Should CSR Give Atheists Epistemic Assurance? On Beer-Goggles, BFFs, and Skepticism Regarding Religious Beliefs

The Monist 96 (3):311-324 (2013)
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Abstract

Recent work in cognitive science of religion (CSR) is beginning to converge on a very interesting thesis—that, given the ordinary features of human minds operating in typical human environments, we are naturally disposed to believe in the existence of gods, among other religious ideas (e.g., seeAtran [2002], Barrett [2004; 2012], Bering [2011], Boyer [2001], Guthrie [1993], McCauley [2011], Pyysiäinen [2004; 2009]). In this paper, we explore whether such a discovery ultimately helps or hurts the atheist position—whether, for example, it lends credence to atheism by explaining away religious belief or whether it actually strengthens some already powerful arguments against atheism in the relevant philosophical literature.We argue that the recent discoveries of CSR hurt, not help, the atheist position—that CSR, if anything, should not give atheists epistemic assurance.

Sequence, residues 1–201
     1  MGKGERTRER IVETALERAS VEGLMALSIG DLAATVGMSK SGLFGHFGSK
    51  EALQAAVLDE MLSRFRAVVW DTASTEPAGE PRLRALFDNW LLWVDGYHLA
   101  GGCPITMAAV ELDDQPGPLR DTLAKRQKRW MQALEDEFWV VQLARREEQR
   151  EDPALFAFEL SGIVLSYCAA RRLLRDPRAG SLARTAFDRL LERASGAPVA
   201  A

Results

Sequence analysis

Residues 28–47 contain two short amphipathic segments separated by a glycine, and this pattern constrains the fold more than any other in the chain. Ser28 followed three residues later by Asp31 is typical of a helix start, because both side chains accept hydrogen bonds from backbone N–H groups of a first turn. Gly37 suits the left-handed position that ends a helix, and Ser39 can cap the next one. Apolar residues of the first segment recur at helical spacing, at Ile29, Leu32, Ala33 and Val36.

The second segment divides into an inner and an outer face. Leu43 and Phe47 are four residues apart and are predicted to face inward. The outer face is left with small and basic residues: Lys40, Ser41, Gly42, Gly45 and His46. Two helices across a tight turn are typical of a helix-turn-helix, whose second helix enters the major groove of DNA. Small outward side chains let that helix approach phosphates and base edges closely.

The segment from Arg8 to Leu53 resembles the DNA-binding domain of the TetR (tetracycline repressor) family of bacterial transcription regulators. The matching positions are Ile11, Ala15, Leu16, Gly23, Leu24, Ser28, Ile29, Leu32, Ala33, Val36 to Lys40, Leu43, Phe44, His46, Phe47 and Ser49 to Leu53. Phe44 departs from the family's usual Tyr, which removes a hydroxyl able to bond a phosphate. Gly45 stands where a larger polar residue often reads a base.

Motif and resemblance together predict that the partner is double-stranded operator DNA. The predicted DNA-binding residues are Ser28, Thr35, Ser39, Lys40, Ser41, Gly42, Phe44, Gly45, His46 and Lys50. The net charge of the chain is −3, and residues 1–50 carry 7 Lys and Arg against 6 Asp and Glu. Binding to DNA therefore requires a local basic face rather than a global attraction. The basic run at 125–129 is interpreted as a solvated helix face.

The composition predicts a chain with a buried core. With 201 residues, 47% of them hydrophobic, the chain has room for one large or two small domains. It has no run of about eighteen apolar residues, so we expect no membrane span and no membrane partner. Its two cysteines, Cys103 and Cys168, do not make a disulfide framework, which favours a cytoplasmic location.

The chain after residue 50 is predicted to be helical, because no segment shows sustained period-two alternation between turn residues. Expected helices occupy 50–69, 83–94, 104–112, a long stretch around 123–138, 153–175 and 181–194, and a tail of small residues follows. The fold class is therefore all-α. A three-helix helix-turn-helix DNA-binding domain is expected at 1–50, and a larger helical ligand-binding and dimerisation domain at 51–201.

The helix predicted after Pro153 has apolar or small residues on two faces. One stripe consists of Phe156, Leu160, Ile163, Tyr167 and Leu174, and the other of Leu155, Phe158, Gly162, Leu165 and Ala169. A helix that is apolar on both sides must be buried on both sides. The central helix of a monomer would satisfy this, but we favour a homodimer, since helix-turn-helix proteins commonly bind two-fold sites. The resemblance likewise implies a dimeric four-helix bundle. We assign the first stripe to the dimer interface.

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Author's Profile

Ian M. Church
Hillsdale College

References found in this work

Warrant and proper function.Alvin Plantinga - 1993 - New York: Oxford University Press.
Warranted Christian Belief.Alvin Plantinga - 2000 - New York, US: Oxford University Press USA.

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